The first component—feeling complete with our own gender—includes a couple of different elements. For men, the first element has to do with how we experience our own masculinity. It seems to be a core need for those of both sexes to feel congruent with our gender. That means that if we are born male, we need to feel congruent, or in sync with, what we think a male is supposed to be. Naturally, this is a very subjective thing and every man will define masculinity somewhat differently. But whatever our definition is, we need to feel like we adequately—though not necessarily perfectly—match that definition.
The second element of feeling complete with our own gender has to do with our relationships with others of the same sex. Again, it seems to be a core need for those of both sexes to have relational bonds with others of our sex. Men need friendships and association with other men. We need “male bonding” and “guy time” in sufficient amounts or we start to feel lonely, bored, or empty. This is also a subjective thing and every man will need male friendship in different amounts and intensities.
The upbringing of most men prepares them to naturally meet these two needs and thus to experience what could be called “masculine sufficiency,” which means they feel adequately congruent with their gender and they have adequate friendships with other males. They experience sufficient amounts of masculinity both internally and interpersonally.
Our observations are that, for most men who have experienced same–sex attraction, one or both of these needs has been left unmet resulting in some degree of masculine insufficiency. We have also observed with much consistency that by removing the psychological and emotional barriers to meeting these needs, learning how to get them met, and then doing the work required to fulfill them, sexual feelings toward other men tend to decrease and feelings of personal masculinity and brotherhood toward other men tend to increase.
The second component of gender wholeness—having a healthy sense of connection with the opposite sex—also includes a couple of different elements. The first element has to do with something called genderedness, which refers to the reality of having two different sexes that are distinct and different from one another in terms of physical, behavioral, and psychological traits and cultural roles. Most people are very aware of those distinctions. They are aware of the blatant anatomical distinctions between males and females. And most are aware of the more subtle differences in the ways men and women relate, experience emotion, and communicate; in our perceptions, thinking styles, and values. Most men experience these differences cognitively, meaning that they know what the differences are. They also experience the differences on an emotional and physical level, meaning that they feel something different in the presence of a woman from what they feel around other men.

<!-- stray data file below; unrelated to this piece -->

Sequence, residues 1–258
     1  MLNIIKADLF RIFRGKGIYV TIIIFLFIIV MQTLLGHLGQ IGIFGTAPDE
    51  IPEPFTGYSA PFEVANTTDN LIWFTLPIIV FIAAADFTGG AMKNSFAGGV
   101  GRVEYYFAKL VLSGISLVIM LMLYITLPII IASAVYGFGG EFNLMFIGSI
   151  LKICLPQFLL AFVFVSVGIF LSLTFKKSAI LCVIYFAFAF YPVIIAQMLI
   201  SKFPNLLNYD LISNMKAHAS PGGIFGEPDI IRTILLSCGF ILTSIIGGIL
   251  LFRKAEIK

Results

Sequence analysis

Genderedness is the foundation for the second element of healthy connection with the opposite sex, which is the sense of complementarity that the two sexes experience toward each other. Complementarity implies a favorable relationship between the two sexes where the natural traits of each sex fulfill, balance, and refine the other. Most men see the opposite sex as desirable and as having something valuable to contribute to them. And they see themselves as having something valuable to contribute to them.
Our observations are that most men who have experienced same-sex attraction don’t experience women as complementary to their maleness. Nor do they experience themselves as having much that they can—or want to—contribute to them. And while they may have a basic awareness of genderedness, many same-sex attraction men struggle a bit to comprehend the extent of the distinctions between men and women. We have also observed that those men who are able to strengthen or develop attractions toward women have experienced growth in their sense of complementarity.
So gender wholeness is about completion with our own gender—feeling sufficiently masculine and having sufficient connections with other men. And it is about having a healthy sense of completion through the opposite sex—experiencing the natural distinctions between the two genders and the way in which these opposites complement each other. In short it is wholeness within our self and wholeness with our opposite.